Pakistan, decimated by India in their first league game, came back strongly defeating South Africa and Sri Lanka to make it to the semis and then punished an errant England to make it to their maiden Champions Trophy final.
This is India, though, and Pakistan will have to banish the demons of defeats past: in the last six matches in ICC events, it is India which has triumphed. "This is a part of being an Indian cricketer, you have to find a way to deal with it".
Like Pakistan, India has tried to treat the final as just another game.
Today's showpiece match at the Oval in London is a 24,500 sell-out, with millions more around the world expected to watch the high-profile match.
Of course, this being a final and considering the opponents are India, there will be pressure on Pakistan, but not quite as much as on Virat Kohli's men.
"If I talk fair than yes India at this time has a better team and more depth but I always believe that in a big match it is the moment that matters", he said.
"History can change, and I hope we can (change it)".
Imran also advised Pakistan captain, Sarfraz Ahmed to avoid putting India into bat first if he won the toss in the final.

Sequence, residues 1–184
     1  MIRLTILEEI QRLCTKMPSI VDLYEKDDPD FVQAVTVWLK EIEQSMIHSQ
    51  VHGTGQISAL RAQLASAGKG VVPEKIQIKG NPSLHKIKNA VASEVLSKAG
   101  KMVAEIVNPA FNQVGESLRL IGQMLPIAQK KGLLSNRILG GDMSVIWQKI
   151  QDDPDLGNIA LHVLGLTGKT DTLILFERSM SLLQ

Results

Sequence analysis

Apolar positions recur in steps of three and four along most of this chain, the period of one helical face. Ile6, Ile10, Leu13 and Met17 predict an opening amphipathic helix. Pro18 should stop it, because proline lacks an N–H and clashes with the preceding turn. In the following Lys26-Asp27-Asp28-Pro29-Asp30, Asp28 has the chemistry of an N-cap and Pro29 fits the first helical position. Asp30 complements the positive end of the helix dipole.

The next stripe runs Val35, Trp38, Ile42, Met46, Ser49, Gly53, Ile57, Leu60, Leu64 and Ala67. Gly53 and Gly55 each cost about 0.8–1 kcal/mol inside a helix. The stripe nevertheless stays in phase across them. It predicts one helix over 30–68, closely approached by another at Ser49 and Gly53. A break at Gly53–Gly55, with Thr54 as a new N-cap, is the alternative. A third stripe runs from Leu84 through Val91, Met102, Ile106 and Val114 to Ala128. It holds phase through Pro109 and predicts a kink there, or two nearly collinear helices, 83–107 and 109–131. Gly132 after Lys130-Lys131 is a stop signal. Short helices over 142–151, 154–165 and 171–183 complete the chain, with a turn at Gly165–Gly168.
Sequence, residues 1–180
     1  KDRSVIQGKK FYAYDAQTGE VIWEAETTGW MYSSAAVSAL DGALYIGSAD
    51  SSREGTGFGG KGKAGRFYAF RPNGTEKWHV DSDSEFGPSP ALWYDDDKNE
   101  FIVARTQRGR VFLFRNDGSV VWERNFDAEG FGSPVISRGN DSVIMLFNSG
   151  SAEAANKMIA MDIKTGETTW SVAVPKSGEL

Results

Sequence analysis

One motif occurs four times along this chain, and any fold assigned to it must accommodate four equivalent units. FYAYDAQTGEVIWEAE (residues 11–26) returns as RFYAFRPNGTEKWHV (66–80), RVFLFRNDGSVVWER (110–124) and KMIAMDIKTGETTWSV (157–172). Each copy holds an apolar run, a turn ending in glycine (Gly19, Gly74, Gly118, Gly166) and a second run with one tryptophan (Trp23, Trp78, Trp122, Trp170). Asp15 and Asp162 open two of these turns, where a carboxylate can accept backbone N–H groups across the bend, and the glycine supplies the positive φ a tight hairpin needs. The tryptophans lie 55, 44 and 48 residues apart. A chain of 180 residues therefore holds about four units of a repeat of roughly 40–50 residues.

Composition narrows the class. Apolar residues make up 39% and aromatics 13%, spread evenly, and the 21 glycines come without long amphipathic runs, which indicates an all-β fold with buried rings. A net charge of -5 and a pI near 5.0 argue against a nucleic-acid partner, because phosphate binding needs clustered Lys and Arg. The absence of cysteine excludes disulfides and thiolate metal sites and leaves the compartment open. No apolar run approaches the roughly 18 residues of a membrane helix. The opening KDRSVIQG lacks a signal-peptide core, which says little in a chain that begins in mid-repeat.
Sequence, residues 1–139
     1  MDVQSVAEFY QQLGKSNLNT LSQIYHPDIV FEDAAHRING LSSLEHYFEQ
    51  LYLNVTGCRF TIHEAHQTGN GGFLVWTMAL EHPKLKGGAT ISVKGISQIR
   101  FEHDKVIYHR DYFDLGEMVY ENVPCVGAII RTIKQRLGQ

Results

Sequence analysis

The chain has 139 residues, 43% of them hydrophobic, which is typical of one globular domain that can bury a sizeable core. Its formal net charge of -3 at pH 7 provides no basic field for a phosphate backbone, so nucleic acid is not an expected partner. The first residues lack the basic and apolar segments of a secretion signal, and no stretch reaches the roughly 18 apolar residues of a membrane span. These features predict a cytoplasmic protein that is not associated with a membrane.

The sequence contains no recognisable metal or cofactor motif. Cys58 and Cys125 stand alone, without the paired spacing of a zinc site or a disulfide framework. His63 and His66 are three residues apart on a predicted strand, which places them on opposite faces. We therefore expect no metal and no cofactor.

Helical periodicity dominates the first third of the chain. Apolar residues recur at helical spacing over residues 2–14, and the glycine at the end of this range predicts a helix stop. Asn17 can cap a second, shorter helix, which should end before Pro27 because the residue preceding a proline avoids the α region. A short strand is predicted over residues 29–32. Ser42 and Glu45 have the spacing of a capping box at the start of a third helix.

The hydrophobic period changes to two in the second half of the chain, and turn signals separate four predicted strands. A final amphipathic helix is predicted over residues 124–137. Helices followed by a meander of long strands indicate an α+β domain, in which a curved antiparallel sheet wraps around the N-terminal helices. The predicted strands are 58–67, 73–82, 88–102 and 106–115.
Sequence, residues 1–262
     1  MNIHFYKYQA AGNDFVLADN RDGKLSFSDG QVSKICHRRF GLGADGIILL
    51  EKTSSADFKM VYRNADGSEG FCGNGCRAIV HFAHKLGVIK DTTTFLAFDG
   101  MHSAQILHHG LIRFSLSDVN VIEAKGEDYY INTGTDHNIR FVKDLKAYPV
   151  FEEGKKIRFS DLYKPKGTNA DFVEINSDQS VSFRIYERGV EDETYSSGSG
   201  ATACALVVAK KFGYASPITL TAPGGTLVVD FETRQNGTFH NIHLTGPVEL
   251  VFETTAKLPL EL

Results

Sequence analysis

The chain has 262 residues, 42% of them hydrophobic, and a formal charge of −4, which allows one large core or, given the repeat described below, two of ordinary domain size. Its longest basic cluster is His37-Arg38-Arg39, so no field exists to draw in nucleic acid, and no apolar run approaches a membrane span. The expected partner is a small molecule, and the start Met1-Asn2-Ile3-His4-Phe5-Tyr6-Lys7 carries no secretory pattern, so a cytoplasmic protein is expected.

For Pakistan, pacer Mohammad Amir is fit to play again, and will once again be key to their hopes.
"It carried that momentum to the England match, where everything clicked and now it has another opportunity to face arch-rival India in the final", Hussey explained.
"The India game was an aberration", he said. "But I can tell you one thing - we have come to win". Whatever the result, we have to go forward and play more games after. But we've closed the chapter on that. So if you are thinking we are three down and I might get out, then you will get out. Hasan Ali is the top wicket taker in the Champions Trophy and Amir is back to being his best. Except for that brief hiccup against Sri Lanka, they have booked their berths with a dominance not usually seen in world cricket. Their strength was their bowling, and the ability to take wickets, especially through the middle overs when teams consolidate.
Against England, they demonstrated that they could get the ball to reverse swing early, and on a grippy Cardiff surface knocked the host out.
"Cometh the Hour Cometh the Man" is an old adage which fits in perfectly with Indian captain Virat Kohli's cricketing philosophy as he reveals how he visualises hard situations and formulate strategies.
"The turnaround has been magnificent", he said. "Obviously, if you reach the finals you have to play some good cricket and credit to them, they've turned around things for themselves really well". "As I said, it's just another game of cricket".